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Re: CVE program priorities

	I understand the point about how the premature discussion of solutions 
- with an intent to implement - can preclude or obscure a 
better-inspired perspective.  However, I find that a comment in the link 
you provided, by " Comment author: Eddieosh " about TRIZ resonates with 
me.  I believe it would be productive and useful to "write the solutions 
down (rather than be diverted by them or try to bat them away), use them 
to help examine the problem a bit more and then carry on until you have 
enough information to make useful judgments about all the solutions 
you've generated".

I also want to suggest that more than one iteration of "use cases, 
problems, solutions" may be necessary.  The CVE seems like it is needed 
for many different processes that different people are trying to get 
done, however in somewhat different ways and with different 
requirements.  Those are your use cases.  How can we know if all use 
cases have been captured, and captured correctly?  In effect we're 
trying to build a conceptual model of systems of processes.  Comparing 
that model to reality is a crucial step.  I submit that the activity of 
discussing and criticizing potential solutions contributes to building 
conceptual models and validating them. This can create corrections to 
use cases or the identification of new ones, or a change in the 
perception of problems.  Certainly the order you are proposing, "use 
cases, problems, solutions", is logical and should determine the final 
justification for actions.  However, in arriving to the correct and 
complete (to the best of our abilities) list of use cases, problems, and 
solutions, I believe that an iterative process or loops may be beneficial.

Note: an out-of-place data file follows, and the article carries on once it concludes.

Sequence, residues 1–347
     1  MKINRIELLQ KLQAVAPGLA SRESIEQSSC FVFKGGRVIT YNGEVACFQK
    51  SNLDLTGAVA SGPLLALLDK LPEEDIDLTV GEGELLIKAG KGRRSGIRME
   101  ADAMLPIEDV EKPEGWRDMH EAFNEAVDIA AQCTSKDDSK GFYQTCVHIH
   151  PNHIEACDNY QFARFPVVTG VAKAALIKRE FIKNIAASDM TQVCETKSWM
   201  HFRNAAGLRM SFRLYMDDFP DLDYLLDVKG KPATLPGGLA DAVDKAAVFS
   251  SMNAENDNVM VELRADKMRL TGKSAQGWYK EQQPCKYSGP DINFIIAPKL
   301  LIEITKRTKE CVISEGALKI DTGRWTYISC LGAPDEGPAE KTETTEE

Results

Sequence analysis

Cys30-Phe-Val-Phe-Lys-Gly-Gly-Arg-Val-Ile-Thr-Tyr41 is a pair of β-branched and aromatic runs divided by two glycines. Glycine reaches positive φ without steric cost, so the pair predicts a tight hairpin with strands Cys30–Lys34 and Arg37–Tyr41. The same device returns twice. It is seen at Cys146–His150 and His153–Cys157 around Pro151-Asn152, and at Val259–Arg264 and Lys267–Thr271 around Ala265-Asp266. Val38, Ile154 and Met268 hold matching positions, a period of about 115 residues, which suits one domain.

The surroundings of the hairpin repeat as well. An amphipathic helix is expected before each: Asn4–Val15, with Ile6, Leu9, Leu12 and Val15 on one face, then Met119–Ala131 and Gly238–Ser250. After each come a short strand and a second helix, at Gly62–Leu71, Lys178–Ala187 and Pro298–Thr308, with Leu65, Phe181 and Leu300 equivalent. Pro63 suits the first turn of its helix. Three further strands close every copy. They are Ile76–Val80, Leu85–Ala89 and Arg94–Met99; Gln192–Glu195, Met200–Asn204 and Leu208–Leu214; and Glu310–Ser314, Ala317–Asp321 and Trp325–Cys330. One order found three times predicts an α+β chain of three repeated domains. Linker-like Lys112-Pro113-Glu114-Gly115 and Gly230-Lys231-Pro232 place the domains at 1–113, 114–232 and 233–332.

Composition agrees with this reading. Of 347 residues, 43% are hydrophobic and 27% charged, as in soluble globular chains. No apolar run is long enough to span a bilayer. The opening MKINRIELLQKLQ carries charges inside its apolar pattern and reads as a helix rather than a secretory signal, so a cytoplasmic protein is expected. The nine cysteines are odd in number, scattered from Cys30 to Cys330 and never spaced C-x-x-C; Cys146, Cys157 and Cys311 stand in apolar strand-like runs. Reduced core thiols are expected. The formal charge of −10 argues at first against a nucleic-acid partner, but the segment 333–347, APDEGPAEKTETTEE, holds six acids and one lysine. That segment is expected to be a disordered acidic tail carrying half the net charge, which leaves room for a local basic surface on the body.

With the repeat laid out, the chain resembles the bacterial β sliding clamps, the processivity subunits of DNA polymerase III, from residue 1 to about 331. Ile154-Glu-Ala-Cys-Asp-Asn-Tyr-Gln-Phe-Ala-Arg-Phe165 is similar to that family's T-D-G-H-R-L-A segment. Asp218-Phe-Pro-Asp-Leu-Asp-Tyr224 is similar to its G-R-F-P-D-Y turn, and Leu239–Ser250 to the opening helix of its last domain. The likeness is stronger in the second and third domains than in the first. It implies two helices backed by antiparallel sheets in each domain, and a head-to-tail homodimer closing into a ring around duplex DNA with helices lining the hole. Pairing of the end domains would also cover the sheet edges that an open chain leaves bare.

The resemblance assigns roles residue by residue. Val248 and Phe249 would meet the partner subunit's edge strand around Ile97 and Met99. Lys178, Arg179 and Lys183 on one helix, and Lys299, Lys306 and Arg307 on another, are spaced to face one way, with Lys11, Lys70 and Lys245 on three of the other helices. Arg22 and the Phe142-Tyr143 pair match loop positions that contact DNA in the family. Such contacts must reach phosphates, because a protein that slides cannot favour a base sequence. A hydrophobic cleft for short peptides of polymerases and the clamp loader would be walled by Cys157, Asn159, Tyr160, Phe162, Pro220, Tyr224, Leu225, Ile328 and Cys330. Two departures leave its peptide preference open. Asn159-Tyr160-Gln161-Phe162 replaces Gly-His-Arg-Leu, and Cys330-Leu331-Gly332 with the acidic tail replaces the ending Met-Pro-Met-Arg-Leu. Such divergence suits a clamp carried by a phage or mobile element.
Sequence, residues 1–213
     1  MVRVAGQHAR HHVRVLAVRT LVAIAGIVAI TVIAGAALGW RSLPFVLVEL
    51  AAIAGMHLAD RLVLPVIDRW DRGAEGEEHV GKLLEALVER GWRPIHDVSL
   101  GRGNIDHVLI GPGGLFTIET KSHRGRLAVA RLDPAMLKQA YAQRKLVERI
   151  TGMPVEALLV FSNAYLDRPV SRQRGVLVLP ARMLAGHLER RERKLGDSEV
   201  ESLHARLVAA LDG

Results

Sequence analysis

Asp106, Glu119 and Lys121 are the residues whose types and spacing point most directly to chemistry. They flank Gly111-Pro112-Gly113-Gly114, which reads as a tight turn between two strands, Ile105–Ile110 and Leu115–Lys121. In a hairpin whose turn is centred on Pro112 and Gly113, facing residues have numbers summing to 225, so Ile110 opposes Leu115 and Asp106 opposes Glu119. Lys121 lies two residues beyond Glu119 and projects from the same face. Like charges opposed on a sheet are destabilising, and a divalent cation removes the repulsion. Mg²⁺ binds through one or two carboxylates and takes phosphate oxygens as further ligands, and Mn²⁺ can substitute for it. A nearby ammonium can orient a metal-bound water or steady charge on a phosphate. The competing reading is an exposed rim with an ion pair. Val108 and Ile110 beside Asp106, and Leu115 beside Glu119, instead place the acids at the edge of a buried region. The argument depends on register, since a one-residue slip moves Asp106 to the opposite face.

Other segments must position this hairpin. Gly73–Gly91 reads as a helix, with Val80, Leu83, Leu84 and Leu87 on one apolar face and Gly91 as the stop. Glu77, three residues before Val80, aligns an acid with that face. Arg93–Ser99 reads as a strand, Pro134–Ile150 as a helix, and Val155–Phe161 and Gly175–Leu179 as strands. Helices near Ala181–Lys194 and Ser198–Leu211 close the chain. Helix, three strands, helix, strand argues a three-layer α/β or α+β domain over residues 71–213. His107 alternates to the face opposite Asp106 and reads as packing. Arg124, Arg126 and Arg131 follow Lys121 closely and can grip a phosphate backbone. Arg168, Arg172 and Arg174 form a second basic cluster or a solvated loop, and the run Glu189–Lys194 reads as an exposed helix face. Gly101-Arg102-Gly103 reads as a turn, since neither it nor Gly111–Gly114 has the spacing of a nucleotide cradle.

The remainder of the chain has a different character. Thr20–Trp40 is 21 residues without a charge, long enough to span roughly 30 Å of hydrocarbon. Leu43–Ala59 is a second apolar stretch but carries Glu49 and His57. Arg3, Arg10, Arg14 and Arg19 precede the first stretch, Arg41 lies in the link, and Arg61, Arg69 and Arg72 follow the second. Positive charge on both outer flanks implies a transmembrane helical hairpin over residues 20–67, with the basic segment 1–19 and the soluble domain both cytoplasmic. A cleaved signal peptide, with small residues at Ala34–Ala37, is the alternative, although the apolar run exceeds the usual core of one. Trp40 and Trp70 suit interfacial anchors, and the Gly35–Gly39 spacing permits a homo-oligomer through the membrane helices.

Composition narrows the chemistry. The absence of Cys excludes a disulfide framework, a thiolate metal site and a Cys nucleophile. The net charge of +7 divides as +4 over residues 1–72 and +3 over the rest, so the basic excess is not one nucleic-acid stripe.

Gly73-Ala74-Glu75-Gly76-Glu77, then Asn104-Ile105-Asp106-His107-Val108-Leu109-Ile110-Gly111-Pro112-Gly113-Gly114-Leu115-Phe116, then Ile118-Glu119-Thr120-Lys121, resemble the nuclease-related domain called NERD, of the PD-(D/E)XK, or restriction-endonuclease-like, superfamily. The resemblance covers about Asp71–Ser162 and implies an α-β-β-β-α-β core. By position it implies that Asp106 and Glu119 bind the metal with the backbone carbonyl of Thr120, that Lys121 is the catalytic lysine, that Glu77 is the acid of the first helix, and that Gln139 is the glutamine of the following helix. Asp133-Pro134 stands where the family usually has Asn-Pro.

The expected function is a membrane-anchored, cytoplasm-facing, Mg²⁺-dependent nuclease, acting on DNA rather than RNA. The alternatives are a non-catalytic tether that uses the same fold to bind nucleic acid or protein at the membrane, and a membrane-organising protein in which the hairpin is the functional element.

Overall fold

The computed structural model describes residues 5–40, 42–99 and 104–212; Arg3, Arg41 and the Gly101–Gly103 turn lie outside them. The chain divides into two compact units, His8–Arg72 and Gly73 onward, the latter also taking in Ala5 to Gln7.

I'm glad you mentioned "work leading up to the meeting".  I think there 
hasn't been enough for a meeting to produce a list of actionable 
recommendations or resolutions.  Deciding on a date and duration seems 
premature when so little of this work has been done, unless having a 
deadline is a necessary motivating factor.


On 01/29/2016 04:46 PM, Art Manion wrote:
> On 2015-12-29 14:56, Art Manion wrote:
>> I'd like to suggest a step back (or possibly up) and ask if the Board
>> (and other interested parties?) would be willing to focus first on
>> problems/issues with CVE before getting into solutions.
>>    "Do not propose solutions until the problem has been discussed as
>> thoroughly as possible without suggesting any."
>>    http://lesswrong.com/lw/ka/hold_off_on_proposing_solutions/
> Having given it some more thought, and with some hope that we'll convene
> an in-person meeting, I'd like to step back even further to what I'll
> call use cases.
> What is CVE used for, by whom, and how?
> There is more than one answer, there is probably a "when" aspect too
> (use cases change over time), and we may not know all the use cases or
> be able to predict future ones.  Nonetheless, having some idea (and
> agreement) on what CVE is for makes the discussion about problems
> actually meaningful.  To have a problem, there is a (possibly assumed)
> use that isn't being met.
> So use cases, problems, solutions is the order I'm proposing, and this
> should frame our in-person meeting, and even work leading up to the meeting.
> Regards,
>   - Art
> PS, if you think I'm a process nut, I'm really not.  But I've seen
> enough complicated, multi-party discussions to know that without some
> process/framing, we're all spinning our wheels.

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